In the third century BC, the Stoics, practitioners of the philosophy known as stoicism, acknowledged the influence of a logos.  They understood the logos  “to be the rational principle by which everything exists.”6  This idea sounds similar to John’s description of the logos  in his Gospel.  He wrote: “All things were created through Him, and apart from Him not one thing was created” (John 1:3).  Their writings thus reveal that both the Stoics and John understood the logos  to be uniquely involved in the creation of everything that exists.  This is but one example of a few parallels that existed between the Stoic understanding of the logos  and John’s usage of the same term.  While acknowledging the parallels, Keener also detected significant differences between the two understandings.  He rightly stated, “The concept of a universally present Logos naturally enough gave way to pantheism both in Heraclitus and in Stoic thought—a concept intolerably alien to the spheres of thought in which our evangelist moved.”7  This finding led Keener to conclude that the Stoic use of the word logos  was not “the most direct background for the prologue [of John]; its sense is in fact quite different.”8

If philosophy, then, was not the most direct background for studying the term logos  as John used it, what was?  As other scholars have shown, a more appropriate starting place to ascertain what John meant by his use of the term logos  is the Old Testament.  One proponent of this approach is the New Testament professor D. A. Carson.  In his discussion of John’s use of the word logos, Carson stated that, “Considering how frequently John quotes or alludes to the Old Testament, that is the place to begin.”9

Perhaps Carson has a point.  Consider for a moment how significant the phrase “the word of God” is in its various uses in the Old Testament.  For example, the entire account of creation in Genesis 1 is replete with the idea that God spoke and things happened.  Reflecting upon this face, the Psalmist exclaimed: “The heavens were made by the word of the Lord, and all the stars, by the breath of His mouth” (Ps. 33:6).  God speaks, and His word brings forth life.

Besides it creative power, God’s word also brings revelation.  At the beginning of the Book of Jeremiah, the prophet reported: “The word of the Lord came to me” (Jer. 1:4).  Other prophets, too, experienced the same phenomenon.10  In addition to these activities, the word of God in the Old Testament affects deliverance and healing.11  In summary, then, one finds that the word of God, as it is employed in the Old Testament, creates, reveals, delivers, and heals.  This brief survey of examples is enough to illustrate some similarities between the use of the phrase “word of God” in the Old Testament and the use of “the Word” in John’s Gospel.  For in prologue of John’s Gospel, the logos  creates (John 1:3) and reveals (v. 18).

John’s Usage

Besides the aforementioned connections between the Old Testament and the Gospel of John, the word logos  indicates much more.  John used the word logos  three times in John 1:1; and then a fourth time in verse 14.  In all, John utilized this term 40 times in his Gospel.  Examining the first chapter, though, one is impressed with the depth of meaning attached to the term.  Each use of the word logos  in John 1 highlights an important and unique feature of Jesus.  For instance, in the first phrase of his Gospel, John expressed the fact that the logos  is preexistent.  “In the beginning was the Word,” John wrote.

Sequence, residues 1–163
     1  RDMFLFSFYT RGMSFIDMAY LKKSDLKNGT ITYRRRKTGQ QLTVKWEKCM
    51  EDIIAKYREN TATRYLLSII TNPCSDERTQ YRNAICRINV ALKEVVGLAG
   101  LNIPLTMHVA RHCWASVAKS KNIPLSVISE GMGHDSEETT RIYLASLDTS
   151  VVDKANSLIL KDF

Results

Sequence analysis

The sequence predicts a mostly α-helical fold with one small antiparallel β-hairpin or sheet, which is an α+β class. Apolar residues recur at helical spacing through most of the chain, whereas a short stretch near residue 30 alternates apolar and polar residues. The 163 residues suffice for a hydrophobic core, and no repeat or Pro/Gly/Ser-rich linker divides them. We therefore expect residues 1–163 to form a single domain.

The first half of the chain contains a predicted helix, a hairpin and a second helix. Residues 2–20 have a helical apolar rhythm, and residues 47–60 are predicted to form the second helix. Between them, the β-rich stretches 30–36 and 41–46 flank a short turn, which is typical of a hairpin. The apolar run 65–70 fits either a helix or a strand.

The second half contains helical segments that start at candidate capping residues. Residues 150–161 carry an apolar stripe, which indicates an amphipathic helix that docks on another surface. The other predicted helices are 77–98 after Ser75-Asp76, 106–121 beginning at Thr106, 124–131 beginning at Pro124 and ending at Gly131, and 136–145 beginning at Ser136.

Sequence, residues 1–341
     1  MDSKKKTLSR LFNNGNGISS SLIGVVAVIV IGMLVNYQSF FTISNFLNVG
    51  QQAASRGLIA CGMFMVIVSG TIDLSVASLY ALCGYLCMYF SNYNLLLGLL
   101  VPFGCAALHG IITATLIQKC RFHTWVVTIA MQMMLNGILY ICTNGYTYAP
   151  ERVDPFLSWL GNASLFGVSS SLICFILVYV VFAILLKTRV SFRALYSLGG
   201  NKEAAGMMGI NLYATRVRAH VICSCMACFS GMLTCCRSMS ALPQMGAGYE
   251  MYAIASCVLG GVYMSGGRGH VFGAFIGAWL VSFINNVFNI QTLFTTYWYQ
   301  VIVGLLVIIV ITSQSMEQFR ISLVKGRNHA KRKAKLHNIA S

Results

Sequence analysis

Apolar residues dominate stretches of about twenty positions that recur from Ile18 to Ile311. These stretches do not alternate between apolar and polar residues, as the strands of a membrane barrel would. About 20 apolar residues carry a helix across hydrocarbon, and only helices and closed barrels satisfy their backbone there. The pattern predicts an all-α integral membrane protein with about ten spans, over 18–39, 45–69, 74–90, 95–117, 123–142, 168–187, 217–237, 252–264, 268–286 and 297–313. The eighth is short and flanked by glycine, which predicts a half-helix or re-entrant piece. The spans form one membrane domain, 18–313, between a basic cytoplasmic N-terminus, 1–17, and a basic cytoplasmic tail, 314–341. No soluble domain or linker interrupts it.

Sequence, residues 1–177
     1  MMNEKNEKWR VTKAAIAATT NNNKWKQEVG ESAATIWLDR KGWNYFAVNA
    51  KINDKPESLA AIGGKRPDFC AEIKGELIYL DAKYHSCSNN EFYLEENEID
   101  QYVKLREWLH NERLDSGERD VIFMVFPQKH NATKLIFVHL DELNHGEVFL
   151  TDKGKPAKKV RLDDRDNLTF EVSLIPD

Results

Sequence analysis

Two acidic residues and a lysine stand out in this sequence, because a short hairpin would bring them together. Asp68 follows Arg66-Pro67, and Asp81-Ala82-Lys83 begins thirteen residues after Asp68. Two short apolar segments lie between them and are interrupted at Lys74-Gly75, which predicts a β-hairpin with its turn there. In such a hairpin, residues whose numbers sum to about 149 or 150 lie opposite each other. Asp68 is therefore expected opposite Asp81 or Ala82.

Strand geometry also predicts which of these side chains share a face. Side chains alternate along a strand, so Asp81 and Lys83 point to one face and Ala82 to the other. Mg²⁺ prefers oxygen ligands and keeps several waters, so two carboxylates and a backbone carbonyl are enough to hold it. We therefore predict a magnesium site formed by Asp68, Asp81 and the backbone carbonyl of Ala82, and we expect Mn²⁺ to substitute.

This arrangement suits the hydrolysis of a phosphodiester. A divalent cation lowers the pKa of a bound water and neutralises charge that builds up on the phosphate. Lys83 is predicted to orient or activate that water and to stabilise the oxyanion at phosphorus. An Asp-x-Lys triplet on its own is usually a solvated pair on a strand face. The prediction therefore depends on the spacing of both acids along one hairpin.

Not only was the Word preexistent, but He was also with the Father.  John explained “and the Word was with God” (1:1).  This second statement affirms a distinction between the Word and the Father.  The third phrase expresses perhaps the most amazing description of the logos  yet: “the Word was God (v. 1).”  By one simple phrase, John describes Jesus’ full deity.  Finally, in verse 14, we see John’s fourth usage of the term logos.  He described the fact that the logos  put on humanity.  He “became flesh and took up residence among us.”  In a span of a few short verses, John beautifully describes both Jesus’ deity and His humanity.

To attempt to describe or characterize Jesus with one word or phrase is quite difficult.  As John began his Gospel, however, he chose a term that would remind his readers of God’s activity in the Old Testament.  More than that, though, John’s readers would now find that the logos  was fully God and fully man.                                                                                                                                                                                     Bi

1.   Leon Morris, The Gospel According to John,  rev. ed. (Grand Rapids: Eerdmans, 1995), 67.

2.   Craig S. Keener, The Gospel of John: A Commentary,  2 vol. (Peabody, MA: Hendrickson, 2003), 1:363.

3.   All Scripture quotations are from the Holman Christian Standard Bible (HCSB).

4.   Bertold Klappert, “word” in The New International Dictionary of New Testament Theology,  gen. ed. Colin Brown (Grand Rapids: Zondervan, 1978), 1081-117.

5.   Keener, Gospel of John, 341.

6.   D. A. Carson, The Gospel According to John  (Grand Rapids: Eerdmans, 1991), 114.

7.   Keener, Gospel of John,  342.

8.   Ibid.

9.   Carson, Gospel According to John,  115.

10. For instance, see Isaiah 9:8; Ezekiel 1:3; and Hosea 1:1 as representative.

11. See Psalm 107:20 and Isaiah 55:11.

SOURCE: Biblical Illustrator; LifeWay Christian Resources of the Southern Baptist Convention; Nashville, TN 37234; Vol. 38, No. 2; Winter 2011-12.



(05, 119)  What is the Answer To & Where in The Bible is This Week’s Trivia Question Found: Answer Next Week:. What counselor of Absalom was actually a spy for David?  Last Week’s Question:  What leper was commander of the Syrian troops? Answer: Naaman; 2 Kings 5:1.